It takes patience, strength, and hard work to reclaim independence after an accident or illness. Rehabilitation is essential to that recovery.
But when COVID-19 emerged, and quickly spread across the globe in 2020, lockdowns were put in place and health facilities became overwhelmed with treating patients fighting the virus. With limited access to healthcare — including rehabilitation services — health providers adapted.
In the United States and around the globe, telehealth has been put to the test in unprecedented ways and is sure to have long-term effects on how patients receive care. To continue care and limit the virus’ spread, many practitioners quickly began treating their patients virtually.
Enabling physical therapy
In countries with strict COVID-19 lockdowns, online telerehabilitation has enabled thousands of patients to continue their physical therapy sessions at home by connecting with their therapists by video, via WhatsApp, or simply by receiving check-ins and new exercises by phone.
Humanity & Inclusion, an international organization that provides rehabilitation services to patients in low- and middle-income countries, has deployed digital technology to organize thousands of telerehabilitation sessions in countries like Bolivia, Cambodia, Colombia, Nepal and Rwanda.
According to a study published in November in the American Journal of Physical Medicine & Rehabilitation, surveyed patients rated their telerehabilitation experiences highly and see value in virtual medicine. In the United States and other developed countries, telerehabilitation presents a convenient alternative to in-person visits, cutting down on travel times to and from health facilities, and preventing long waits in crowded waiting rooms.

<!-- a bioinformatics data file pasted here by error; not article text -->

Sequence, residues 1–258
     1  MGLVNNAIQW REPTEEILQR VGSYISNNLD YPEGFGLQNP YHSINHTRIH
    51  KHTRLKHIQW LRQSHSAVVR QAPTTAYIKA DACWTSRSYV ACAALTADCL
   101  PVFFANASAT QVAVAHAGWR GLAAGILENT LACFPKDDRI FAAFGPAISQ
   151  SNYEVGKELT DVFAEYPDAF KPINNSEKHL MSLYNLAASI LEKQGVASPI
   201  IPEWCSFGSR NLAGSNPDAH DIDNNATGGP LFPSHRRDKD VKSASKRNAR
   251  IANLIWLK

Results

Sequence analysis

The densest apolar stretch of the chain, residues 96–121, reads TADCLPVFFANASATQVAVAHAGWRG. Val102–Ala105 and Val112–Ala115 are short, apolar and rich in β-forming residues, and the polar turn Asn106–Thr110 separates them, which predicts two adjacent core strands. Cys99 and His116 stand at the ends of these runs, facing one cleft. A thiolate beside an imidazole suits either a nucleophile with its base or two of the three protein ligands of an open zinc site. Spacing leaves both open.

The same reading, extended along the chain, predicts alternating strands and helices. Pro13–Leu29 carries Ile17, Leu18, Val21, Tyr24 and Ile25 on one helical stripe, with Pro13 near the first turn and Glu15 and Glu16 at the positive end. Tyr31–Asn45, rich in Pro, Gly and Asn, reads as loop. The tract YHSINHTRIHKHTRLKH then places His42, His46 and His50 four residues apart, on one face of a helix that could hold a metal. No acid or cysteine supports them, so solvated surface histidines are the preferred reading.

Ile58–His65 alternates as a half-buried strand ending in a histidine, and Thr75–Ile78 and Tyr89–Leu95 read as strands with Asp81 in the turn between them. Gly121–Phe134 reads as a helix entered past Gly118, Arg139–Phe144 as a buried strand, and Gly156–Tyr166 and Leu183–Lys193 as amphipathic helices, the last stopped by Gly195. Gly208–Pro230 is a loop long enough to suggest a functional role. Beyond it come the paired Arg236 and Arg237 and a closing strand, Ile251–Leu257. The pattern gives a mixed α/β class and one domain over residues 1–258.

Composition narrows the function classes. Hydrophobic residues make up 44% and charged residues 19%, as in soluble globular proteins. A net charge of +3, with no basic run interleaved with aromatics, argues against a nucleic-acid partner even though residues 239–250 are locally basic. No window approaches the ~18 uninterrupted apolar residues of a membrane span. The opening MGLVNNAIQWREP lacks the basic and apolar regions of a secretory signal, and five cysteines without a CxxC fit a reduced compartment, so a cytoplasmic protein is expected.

In less developed countries — particularly in rural and isolated villages or areas affected by conflict — where access to rehabilitation was already limited because it is unaffordable or simply unavailable, telerehabilitation is a game-changer.
Eighty percent of people with disabilities live in developing countries, but fewer than 15 percent have access to rehabilitation services. The pandemic has only made matters worse.
Committed to excellence
Since its creation in 1982, Humanity & Inclusion has worked alongside its partners to develop quality services that are accessible to people with disabilities, and vulnerable and excluded populations. Since 2016, Humanity & Inclusion has been developing its telerehabilitation activities to provide rehabilitation care to people who are isolated or unable to access services.
In response to the pandemic, Humanity & Inclusion quickly upscaled its telerehabilitation tools. In Bolivia, for example, telerehabilitation started prior to the COVID-19 crisis, but when the pandemic led to total closure of Humanity & Inclusion’s rehabilitation center there, its use became even more essential.
“One of the biggest challenges in any humanitarian crisis is to provide the most vulnerable individuals and people living in remote areas, far from assistance or services, with access to care,” said Isabelle Urseau, Director of Rehabilitation at Humanity & Inclusion after the organization’s Tele Rehabilitation For All Project was awarded the 2020 European Horizon Prize. “By using digital technology … we can now care for people with physical disabilities living in areas that are isolated or difficult to access for security reasons.”
Telerehabilitation presents a solution to providing physical therapy and other services to patients who lack access to trained professionals, are unable to travel, or live in areas of conflict with fractured healthcare systems. While COVID-19 continues to present challenges in delivering healthcare services, it has demonstrated just how vital of a role digital technology can play in making rehabilitation accessible and convenient for patients everywhere.